I’ve logged more experience than most with simplicity and the complexity you discover inside simplicity, minimalism and asocial behavior, endurance and landscape.
Here is the truth: I think some deep wisdom inside me (a) sensed the stress, (b) was terrified for me, and (c) gave me something new and hard to focus on in order to prevent me from lapsing into a despair coma — and also to keep me from having a jelly jar of wine in my hand.
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Here we are each morning:
my husband on our old kitchen chair, its upholstery
mended with duct tape, his head bent forward
while I comb out his long
wheat-colored hair. Not what I thought
we’d be doing in our sixties,
me dividing the wet silk of it, still stubbornly
reddish-gold, only a little
white at the sideburns. Three thick hanks
in hand, I begin to plait: over, under, over, under.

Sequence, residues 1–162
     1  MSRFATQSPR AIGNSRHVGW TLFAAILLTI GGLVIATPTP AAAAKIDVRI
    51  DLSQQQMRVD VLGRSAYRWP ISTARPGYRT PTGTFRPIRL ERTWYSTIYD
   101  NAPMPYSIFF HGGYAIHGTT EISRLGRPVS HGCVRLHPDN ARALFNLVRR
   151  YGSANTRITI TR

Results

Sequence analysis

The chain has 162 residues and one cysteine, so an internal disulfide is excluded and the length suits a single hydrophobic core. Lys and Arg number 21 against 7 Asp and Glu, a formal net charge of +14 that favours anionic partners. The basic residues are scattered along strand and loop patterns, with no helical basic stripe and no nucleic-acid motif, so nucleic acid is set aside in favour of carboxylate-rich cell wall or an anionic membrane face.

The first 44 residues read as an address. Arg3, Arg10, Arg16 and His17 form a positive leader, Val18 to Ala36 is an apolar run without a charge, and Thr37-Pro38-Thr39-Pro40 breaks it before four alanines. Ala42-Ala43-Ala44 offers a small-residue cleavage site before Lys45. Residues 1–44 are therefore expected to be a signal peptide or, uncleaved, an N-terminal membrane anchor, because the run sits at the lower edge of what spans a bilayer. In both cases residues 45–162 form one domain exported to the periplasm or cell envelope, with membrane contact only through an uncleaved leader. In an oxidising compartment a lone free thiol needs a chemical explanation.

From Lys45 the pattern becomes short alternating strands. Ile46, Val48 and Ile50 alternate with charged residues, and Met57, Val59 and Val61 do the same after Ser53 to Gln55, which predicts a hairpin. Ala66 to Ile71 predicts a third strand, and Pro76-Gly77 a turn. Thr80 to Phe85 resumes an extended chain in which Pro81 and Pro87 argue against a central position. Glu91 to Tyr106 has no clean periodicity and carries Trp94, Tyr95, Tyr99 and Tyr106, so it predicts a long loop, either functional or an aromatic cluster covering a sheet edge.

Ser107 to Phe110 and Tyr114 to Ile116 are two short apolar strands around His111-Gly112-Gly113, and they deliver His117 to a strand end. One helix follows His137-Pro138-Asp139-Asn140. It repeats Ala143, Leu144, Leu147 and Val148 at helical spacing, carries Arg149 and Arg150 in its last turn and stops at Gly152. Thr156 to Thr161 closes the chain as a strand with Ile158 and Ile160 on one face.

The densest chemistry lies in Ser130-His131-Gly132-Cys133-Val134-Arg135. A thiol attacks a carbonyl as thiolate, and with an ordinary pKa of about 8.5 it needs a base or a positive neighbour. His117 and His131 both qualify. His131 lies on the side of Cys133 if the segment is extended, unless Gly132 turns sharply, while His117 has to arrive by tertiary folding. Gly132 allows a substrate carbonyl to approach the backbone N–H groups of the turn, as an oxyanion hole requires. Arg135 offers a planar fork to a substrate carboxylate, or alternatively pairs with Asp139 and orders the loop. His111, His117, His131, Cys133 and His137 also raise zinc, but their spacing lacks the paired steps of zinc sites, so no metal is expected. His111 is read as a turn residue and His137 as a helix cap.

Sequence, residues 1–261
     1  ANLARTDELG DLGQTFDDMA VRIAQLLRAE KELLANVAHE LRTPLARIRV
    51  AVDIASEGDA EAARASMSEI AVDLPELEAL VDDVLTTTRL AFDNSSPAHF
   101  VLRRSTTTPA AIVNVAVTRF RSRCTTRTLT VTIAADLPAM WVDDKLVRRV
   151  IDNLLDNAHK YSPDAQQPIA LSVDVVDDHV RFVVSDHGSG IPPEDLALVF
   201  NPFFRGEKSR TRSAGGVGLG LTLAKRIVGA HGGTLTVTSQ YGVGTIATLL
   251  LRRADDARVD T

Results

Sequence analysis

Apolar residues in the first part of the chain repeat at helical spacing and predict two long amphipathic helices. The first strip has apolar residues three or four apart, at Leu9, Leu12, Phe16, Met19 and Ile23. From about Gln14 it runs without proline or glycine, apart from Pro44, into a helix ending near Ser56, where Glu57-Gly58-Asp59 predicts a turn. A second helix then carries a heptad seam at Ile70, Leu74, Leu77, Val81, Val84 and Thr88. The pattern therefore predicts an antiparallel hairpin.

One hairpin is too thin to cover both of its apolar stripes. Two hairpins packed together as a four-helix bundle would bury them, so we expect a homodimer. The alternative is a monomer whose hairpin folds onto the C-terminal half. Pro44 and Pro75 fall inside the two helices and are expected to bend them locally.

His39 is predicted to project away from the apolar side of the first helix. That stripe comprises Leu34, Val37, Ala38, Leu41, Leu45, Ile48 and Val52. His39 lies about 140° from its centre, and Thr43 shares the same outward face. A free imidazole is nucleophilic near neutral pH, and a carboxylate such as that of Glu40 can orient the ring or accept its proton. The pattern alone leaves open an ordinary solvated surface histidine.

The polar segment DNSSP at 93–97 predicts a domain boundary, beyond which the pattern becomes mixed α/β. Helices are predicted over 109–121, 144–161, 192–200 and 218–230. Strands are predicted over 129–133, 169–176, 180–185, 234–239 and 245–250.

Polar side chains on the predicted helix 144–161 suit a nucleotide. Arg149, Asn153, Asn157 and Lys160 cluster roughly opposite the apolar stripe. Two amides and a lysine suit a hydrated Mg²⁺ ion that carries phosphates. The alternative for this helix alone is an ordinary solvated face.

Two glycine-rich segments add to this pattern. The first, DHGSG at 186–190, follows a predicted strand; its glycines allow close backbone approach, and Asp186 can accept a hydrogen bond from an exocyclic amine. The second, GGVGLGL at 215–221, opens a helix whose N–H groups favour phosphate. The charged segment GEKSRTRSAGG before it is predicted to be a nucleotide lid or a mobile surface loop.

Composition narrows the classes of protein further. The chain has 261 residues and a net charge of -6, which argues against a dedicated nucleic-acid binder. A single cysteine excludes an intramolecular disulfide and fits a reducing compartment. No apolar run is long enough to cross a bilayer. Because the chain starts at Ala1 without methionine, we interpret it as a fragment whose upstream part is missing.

I don’t remember when he stopped
cutting his hair and decided
to let it grow long as a girl’s —
and he was mistaken for a girl once,
a tall, stoop-shouldered man-girl,
when he stood on the sidewalk, back turned,
and a car drove by, honking and catcalling.
At him, not me. We laughed,
but I had to wonder: When did his tresses, now
halfway to his waist, first spill
over his shoulders? It must have happened while we slept,
as most things do. And how did he come to sit
before me so patiently now, head bowed while I braid,
as if he were the daughter I never had
and this my one chance
to weave my care into each over, under,